Music and Dances of Bihar

Music and Dances of Bihar: When we think of culture, music, art and religion, we at once form an image in our minds, an image of the holy land of Bihar. The history of Bihar can be traced back to as far as the history of civilization itself. Lord Rama’s wife, Sita is known to have been born in Bihar. The city of Pataliputra or Patna was founded by the great Mauryan emperor, Ashoka in 270 B.C. The religions of Buddhism and Jainism were founded in Bihar. Vardhamana Mahavira attained nirvana in this land and founded the new religion of Jainism.

Another prince sacrificed all his worldly treasures and meditated under the Bodhi tree in Bodhgaya. He too attained salvation from the continuous cycle of birth and rebirth and founded Buddhism. Today he is known as the Buddha. Chanakya, also known as Kautiliya, wrote the first treatise on modern science of economics, called the Arthashastra and he too hailed from this land.

This land also witnessed the birth of the tenth and last Sikh guru, Guru Gobind Singh, who attained sainthood in Bihar. The tribal and folk songs, as well as the varied dance forms of Bihar are a representation of the emotional upheavals experienced by the people, as well as their values, hopes, beliefs and traditions. The music and dance forms in Bihar are as many as the numerous tribal groups, filling the state with love, music, art and diversity.

Bihar has produced musicians like Bharat Ratna Ustad Bismillah Khan and dhrupad singers like the Malliks (Darbhanga Gharana) and the Mishras (Bettiah Gharana) along with poets like Vidyapati Thakur who contributed to Maithili Music. The classical music in Bihar is a form of the Hindustani classical music.

Folk Culture of Bihar

The region’s folk songs are associated with the various events in the life of an ordinary person. The historical ballads dealing with the heroic deeds of the freedom fighter Kunwar Singh have also been immortalized through folk songs in the plain tracts of Bihar. Religiosity is the pivot around which the music and amusements of the village folk of Bihar revolve. There are songs like sohar – performed during childbirth, sumangali – associated with wedding, ropnigeet – performed during the season of sowing paddy, katnigeet – performed during the paddy harvesting season.

There is a great tradition of folk songs started by Bhikhari Thakur, an artist from the Bhojpur region. In the field Bhojpuri Music and Songs, there are notable works done by Mahendar Misir, Radhamohan Chaubey ‘Anjan’, Laxman Pathak Pradeep, and Sharda Sinha. Other wandering folk singers include the Kathaks, who travelled in groups and performed accompanied by dholak, sarangi, tamburu and majira. Other musician classes included Roshan Chouki, Bhajaniya, Kirtaniya, Pamaria and Bhakliya.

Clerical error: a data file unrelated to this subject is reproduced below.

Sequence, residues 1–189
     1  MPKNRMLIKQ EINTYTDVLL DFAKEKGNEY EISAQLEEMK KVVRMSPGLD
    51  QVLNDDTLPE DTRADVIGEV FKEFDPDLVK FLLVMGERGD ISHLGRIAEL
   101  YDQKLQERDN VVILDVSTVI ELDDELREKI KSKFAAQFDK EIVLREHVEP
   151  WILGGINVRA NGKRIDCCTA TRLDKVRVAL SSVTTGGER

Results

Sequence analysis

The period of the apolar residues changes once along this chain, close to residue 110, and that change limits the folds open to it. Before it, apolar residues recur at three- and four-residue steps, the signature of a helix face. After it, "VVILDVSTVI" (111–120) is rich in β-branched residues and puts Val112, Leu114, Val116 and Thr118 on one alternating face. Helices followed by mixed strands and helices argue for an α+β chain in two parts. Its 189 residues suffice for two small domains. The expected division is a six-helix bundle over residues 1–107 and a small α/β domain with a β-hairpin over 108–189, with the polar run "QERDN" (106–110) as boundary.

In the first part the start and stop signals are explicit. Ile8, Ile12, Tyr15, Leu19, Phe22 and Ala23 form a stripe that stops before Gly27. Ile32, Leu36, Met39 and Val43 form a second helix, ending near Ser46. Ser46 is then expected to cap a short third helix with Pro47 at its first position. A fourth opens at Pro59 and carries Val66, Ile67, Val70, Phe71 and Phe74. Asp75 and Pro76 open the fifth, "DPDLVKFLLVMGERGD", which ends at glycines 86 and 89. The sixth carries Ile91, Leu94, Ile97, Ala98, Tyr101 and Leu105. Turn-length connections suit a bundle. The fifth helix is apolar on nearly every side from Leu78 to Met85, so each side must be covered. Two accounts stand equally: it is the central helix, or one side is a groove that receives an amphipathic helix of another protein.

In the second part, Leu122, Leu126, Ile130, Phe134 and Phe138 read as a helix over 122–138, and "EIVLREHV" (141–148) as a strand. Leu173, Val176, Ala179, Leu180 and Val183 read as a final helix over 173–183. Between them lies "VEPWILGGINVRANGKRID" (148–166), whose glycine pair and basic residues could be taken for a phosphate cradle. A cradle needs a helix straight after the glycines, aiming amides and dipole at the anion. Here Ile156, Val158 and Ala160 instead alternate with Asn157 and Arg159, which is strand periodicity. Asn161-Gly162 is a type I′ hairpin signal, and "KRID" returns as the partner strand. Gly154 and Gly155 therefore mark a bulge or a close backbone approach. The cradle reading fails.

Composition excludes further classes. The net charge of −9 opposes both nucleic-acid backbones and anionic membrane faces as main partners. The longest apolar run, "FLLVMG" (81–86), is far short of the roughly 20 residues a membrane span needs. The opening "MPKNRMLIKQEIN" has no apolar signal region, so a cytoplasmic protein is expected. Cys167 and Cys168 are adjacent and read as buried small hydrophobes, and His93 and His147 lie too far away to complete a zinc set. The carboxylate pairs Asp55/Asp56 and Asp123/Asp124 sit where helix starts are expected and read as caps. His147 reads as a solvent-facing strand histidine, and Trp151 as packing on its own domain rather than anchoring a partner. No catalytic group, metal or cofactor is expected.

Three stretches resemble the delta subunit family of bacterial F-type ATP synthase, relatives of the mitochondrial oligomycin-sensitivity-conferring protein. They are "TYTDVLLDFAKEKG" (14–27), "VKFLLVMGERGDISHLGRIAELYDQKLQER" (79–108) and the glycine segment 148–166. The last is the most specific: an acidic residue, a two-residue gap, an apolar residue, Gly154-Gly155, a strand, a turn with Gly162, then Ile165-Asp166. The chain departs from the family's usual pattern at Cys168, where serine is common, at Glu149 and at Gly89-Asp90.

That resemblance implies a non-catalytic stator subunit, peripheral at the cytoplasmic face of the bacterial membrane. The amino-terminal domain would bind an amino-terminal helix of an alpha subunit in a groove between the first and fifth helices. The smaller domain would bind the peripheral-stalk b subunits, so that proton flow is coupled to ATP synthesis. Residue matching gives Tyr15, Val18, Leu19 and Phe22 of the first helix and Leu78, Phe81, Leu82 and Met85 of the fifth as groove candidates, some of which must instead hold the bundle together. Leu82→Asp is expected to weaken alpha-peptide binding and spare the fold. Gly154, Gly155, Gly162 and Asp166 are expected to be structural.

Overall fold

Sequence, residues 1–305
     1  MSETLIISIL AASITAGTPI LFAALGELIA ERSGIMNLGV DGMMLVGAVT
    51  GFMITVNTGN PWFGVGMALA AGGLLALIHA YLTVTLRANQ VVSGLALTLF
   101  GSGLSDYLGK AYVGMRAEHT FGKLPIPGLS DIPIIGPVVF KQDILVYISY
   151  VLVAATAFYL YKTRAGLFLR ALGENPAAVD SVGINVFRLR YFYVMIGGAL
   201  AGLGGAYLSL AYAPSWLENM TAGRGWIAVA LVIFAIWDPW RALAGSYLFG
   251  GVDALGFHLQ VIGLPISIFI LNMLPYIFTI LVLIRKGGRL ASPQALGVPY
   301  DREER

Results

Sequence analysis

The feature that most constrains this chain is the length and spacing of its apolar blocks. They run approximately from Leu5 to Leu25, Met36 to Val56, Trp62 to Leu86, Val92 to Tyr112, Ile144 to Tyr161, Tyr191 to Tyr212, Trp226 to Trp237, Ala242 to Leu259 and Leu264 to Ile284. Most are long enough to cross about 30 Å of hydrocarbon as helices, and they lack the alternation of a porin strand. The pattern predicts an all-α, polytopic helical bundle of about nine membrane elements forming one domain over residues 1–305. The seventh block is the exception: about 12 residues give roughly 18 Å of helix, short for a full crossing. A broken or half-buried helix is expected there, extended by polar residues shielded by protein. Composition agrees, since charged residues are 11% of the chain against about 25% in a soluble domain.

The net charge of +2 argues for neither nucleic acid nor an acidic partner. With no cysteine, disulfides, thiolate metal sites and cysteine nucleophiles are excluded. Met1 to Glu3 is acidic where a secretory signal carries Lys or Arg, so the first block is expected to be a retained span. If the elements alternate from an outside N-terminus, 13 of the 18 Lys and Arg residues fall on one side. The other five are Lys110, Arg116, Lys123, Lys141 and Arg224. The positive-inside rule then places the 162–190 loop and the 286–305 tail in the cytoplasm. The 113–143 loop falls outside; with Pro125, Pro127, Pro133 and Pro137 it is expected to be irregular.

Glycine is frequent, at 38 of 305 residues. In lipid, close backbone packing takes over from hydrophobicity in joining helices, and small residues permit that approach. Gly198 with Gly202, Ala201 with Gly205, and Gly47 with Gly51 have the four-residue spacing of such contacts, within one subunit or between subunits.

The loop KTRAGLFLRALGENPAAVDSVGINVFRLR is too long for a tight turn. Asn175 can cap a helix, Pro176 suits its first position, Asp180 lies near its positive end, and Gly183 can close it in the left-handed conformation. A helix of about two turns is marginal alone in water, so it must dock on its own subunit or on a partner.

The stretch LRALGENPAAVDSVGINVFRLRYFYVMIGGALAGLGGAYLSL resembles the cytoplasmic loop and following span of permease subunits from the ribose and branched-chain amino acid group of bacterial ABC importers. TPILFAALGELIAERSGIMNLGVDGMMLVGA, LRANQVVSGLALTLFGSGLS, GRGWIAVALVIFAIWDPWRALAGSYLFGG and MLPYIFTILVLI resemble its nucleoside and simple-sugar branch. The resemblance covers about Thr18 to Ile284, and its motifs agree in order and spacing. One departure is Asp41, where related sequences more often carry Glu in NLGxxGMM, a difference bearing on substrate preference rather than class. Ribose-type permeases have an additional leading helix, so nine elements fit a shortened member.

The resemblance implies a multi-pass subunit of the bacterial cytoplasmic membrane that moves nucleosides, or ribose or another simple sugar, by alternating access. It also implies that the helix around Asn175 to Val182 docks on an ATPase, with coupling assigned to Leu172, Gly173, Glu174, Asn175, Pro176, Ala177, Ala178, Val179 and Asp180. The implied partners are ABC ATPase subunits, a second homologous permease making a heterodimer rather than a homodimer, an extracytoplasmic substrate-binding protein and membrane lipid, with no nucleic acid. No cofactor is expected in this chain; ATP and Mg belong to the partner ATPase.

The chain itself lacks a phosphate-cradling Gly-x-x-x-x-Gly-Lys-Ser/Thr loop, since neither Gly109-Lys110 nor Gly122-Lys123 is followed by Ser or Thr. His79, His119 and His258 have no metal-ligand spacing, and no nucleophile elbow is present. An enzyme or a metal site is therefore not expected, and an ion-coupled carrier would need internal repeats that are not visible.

Bihar, in the ancient times has been an important place for dance and music. In places like Vaishali and Rajgir, in ancient Bihar, beautiful girls acted as Nagar Shobhinis or town ornaments (courtesans). Lord Buddha himself accepted this fact and he himself received an invitation from Amrapalli, the chief courtesan of Vaishali. Theses girls were proficient in music and dancing and were part of processions of religious and social nature. It appears that singing and dancing were the chief amusements of that age.

The regular history of Mithila music dates back from Nanyadeva (1097-1133), a great patron of music and author of a treatise on this art. He developed the popular ragas on systematic lines. This Mithila music was carried to Nepal, Uttar Pradesh, Bengal, etc. 

Folk Songs

Folk-song (lok geet) is a very important form of folk literature. One of the categories of folk-songs is the ceremonial or sanskar songs. These songs form an essential part of rituals of various ceremonies relating to child- birth, initiation (yagyopavita or janeu) ,marriage and in some areas with rituals of death as well. Child-birth, initiation and marriage and other ceremonies are accessions of great happiness and joy. But on such occasions great care is taken to avoid any misfortune; hence the ceremonial songs and rituals are believed to have a magical potency.